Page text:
Meaning of The word "Theosophy"
"Theosophy" comes from the Greek
"Theos" and "sophia"
meaning literally "Divine Knowledge". It is a body
of knowledge - accumulated since time immemorial - that answers the
great questions of life - Who am I, Where am I going, What am I doing
here, What is the nature of the soul, What is the origin of the universe
and What can be said about the nature of divinity.
The term theosophy (in its Greek and other forms)
had been used about 100 or so times over two millennia in western civilization
before Madame Blavatsky. The term came to be the most appropriate word
to describe her teachings and so, with a capital "T", Theosophy
came to be the name given to that which she taught in the 19th century.
Some have, quite understandably, extended the meaning
of the word to cover that entire body of knowledge known to Blavatsky's
teachers - a portion of which was imparted to her. Some academics have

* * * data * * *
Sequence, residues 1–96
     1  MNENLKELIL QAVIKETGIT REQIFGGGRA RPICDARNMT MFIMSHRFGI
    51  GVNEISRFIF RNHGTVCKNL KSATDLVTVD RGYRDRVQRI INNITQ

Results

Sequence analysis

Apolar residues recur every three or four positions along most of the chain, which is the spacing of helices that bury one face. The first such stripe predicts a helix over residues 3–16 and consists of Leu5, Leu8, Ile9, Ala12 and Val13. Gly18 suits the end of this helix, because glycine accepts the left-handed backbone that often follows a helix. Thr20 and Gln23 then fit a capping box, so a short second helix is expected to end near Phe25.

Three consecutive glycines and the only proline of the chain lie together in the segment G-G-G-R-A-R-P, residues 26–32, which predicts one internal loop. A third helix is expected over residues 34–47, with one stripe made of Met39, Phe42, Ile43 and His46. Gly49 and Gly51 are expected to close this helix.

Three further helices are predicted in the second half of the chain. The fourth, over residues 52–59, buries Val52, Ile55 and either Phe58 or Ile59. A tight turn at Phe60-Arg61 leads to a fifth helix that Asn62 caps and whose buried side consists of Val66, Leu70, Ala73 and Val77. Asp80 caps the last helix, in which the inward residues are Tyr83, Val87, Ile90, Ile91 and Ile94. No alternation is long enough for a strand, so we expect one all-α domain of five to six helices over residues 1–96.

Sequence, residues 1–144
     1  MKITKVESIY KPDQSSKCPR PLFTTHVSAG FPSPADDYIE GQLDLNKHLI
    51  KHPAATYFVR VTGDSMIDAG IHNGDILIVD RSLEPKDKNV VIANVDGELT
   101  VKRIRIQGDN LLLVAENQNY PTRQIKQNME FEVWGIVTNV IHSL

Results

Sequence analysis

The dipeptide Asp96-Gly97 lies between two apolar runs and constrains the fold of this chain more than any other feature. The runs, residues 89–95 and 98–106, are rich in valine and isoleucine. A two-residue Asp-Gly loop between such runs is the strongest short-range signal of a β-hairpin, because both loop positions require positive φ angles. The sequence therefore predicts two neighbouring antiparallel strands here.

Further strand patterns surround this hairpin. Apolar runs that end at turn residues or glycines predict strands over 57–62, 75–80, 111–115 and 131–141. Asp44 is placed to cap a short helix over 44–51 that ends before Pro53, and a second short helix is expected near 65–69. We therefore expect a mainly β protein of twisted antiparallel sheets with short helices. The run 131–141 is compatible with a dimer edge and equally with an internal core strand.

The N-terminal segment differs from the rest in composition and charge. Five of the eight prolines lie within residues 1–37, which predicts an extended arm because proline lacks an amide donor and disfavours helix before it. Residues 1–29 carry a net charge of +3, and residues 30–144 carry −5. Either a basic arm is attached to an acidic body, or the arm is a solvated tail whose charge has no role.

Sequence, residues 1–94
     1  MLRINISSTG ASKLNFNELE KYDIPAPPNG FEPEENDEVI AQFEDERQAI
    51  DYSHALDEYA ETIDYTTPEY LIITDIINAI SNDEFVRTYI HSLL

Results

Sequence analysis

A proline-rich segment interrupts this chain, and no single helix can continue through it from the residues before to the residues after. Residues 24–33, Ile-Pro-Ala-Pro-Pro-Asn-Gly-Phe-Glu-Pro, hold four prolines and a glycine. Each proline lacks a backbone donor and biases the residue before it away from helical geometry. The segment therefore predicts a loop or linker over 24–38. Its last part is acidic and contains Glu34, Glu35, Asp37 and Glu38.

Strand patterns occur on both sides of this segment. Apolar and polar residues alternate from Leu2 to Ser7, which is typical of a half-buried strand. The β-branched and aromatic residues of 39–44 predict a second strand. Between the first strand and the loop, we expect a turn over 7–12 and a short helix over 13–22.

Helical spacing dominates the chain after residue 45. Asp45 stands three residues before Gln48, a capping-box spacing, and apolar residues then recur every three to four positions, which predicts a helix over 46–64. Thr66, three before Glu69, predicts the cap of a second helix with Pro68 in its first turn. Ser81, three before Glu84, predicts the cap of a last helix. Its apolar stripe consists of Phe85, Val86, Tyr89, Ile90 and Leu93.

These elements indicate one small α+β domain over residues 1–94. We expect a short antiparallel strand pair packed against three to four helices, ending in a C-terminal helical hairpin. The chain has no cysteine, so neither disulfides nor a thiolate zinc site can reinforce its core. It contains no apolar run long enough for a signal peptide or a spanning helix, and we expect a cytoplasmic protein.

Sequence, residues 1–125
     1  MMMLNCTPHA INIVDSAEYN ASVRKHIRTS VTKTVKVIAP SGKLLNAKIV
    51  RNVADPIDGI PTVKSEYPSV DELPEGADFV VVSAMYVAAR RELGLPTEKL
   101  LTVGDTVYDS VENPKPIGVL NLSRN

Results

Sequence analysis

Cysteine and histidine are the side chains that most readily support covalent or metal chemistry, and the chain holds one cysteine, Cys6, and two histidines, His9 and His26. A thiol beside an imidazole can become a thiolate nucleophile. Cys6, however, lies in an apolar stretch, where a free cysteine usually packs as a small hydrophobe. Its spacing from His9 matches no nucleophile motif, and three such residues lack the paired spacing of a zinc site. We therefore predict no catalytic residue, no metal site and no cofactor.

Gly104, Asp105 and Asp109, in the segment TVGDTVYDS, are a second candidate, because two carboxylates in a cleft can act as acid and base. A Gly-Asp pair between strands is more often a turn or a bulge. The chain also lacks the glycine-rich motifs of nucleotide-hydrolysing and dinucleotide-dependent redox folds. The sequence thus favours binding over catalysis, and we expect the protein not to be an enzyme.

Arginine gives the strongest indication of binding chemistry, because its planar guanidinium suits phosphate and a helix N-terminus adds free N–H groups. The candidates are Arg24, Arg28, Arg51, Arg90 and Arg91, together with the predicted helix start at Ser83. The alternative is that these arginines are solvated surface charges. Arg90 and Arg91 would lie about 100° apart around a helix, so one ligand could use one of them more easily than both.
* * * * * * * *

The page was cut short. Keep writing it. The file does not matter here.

taken to using the word to mean "comparative religion", now
that the word has become well known - but this certainly dilutes the
specific meaning it acquired during the time of Blavatsky. And regrettably,
some writers in the 20th century have based
themselves on her writings but subtly altered the teachings and then
continued to call their writings Theosophy - misleading any number of
students in the process.
Blavatsky Net defines Theosophy as "what
Madame Blavatsky wrote".
For some more detail on the scope of her writings see
Checklist - some basic principles of Theosophy.
"No Religion Higher Than Truth"
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